Alpha cleavage

From Wikipedia, the free encyclopedia
Jump to: navigation, search

Alpha cleavage (α-cleavage) in organic chemistry refers to the act of breaking the carbon-carbon bond[1] adjacent to the carbon bearing a specified functional group.[2]

Mass spectrometry[edit]

Generally this topic is discussed when covering tandem mass spectrometry fragmentation and occurs generally by the same mechanisms.[3][4]

For example, of a mechanism of alpha cleavage, an electron is knocked off an atom (usually by electron collision) to form a radical cation. Electron removal generally happens in the following order: 1) lone pair electrons, 2) pi bond electrons, 3) sigma bond electrons.

One of the lone pair electrons moves down to form a pi bond with an electron from an adjacent (alpha) bond. The other electron from the bond moves to an adjacent atom (not one adjacent to the lone pair atom) creating a radical. This creates a double bond adjacent to the lone pair atom (oxygen is a good example) and breaks/cleaves the bond from which the two electrons were removed.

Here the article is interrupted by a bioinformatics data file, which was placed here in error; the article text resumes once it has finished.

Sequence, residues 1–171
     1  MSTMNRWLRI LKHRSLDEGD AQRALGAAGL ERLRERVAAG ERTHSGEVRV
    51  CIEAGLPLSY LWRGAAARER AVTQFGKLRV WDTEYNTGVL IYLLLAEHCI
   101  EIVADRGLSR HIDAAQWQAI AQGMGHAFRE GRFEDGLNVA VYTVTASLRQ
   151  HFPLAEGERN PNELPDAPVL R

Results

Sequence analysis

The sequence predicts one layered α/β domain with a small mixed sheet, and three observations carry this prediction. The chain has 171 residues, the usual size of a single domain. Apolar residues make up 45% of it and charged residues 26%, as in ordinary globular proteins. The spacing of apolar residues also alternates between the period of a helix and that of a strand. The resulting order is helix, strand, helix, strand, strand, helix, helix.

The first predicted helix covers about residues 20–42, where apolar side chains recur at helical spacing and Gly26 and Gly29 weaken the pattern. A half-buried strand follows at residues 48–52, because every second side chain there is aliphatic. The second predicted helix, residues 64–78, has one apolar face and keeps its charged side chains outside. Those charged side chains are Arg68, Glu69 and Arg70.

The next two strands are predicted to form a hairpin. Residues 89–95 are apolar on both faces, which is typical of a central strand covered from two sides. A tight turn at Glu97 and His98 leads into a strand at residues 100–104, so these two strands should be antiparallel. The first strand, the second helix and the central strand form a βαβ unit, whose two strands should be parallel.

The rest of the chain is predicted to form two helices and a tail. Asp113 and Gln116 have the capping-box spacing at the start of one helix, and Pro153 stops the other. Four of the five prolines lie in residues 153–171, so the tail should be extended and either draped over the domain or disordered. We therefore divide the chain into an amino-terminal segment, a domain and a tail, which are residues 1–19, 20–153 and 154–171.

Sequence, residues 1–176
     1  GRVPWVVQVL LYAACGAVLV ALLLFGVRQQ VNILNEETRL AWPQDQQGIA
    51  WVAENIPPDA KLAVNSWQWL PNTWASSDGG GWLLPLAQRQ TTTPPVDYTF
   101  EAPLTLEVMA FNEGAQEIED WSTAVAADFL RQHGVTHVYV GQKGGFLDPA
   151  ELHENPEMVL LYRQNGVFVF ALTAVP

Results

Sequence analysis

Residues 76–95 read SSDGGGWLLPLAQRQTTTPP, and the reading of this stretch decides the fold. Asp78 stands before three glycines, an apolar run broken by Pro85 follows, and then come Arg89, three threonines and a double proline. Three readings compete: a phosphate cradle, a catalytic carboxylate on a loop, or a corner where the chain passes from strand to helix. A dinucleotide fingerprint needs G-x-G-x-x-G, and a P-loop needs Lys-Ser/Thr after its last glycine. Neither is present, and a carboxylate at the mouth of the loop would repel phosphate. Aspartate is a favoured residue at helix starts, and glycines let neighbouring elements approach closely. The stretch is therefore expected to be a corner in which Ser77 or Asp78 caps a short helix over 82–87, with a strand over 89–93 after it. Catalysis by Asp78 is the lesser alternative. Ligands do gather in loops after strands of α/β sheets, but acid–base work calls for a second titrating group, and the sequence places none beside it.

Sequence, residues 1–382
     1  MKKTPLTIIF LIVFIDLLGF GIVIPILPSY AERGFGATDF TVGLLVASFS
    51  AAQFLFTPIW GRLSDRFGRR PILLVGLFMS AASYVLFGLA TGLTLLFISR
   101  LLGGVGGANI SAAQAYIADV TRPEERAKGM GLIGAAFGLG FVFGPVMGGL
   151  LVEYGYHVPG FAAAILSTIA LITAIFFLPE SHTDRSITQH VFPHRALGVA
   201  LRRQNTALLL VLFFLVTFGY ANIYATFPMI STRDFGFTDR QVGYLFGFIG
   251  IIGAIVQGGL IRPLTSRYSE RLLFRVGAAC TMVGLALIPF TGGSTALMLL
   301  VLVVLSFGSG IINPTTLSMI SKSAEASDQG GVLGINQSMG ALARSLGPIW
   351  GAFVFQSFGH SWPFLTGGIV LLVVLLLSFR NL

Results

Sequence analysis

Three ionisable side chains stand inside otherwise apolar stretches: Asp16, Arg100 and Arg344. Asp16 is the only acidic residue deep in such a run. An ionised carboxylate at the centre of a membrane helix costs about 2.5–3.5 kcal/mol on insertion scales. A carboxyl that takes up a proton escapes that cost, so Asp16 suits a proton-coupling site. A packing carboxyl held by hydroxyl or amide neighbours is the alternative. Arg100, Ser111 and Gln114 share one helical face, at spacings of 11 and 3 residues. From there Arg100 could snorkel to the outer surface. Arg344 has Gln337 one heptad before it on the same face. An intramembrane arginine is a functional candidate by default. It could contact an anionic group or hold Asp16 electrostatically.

Example of alpha cleavage

In molecules containing carbonyl groups, alpha cleavage often competes with McLafferty rearrangement.


In photochemistry, it is the homolytic cleavage of a bond adjacent to a specified group.[4][5]


  1. ^ Hathaway, Bruce A. (2005). Organic chemistry the easy way. Woodbury, N.Y: Barron's Educational Series. p. 315. ISBN 0-7641-2794-2. 
  2. ^ "α-cleavage (alpha-cleavage)". IUPAC Compendium of Chemical Terminology (Gold Book). IUPAC. Archived from the original on 20 July 2008. Retrieved 2008-07-08. 
  3. ^ Todd, J. F. J. (1991). "Recommendations for nomenclature and symbolism for mass spectroscopy (including an appendix of terms used in vacuum technology). (Recommendations 1991)". Pure and Applied Chemistry. 63 (10): 1541. doi:10.1351/pac199163101541. 
  4. ^ a b IUPAC, Compendium of Chemical Terminology, 2nd ed. (the "Gold Book") (1997). Online corrected version:  (2006–) "α-cleavage (alpha-cleavage)".
  5. ^ Verhoeven, J. W. (1996). "Glossary of terms used in photochemistry (IUPAC Recommendations 1996)". Pure and Applied Chemistry. 68 (12): 2223. doi:10.1351/pac199668122223.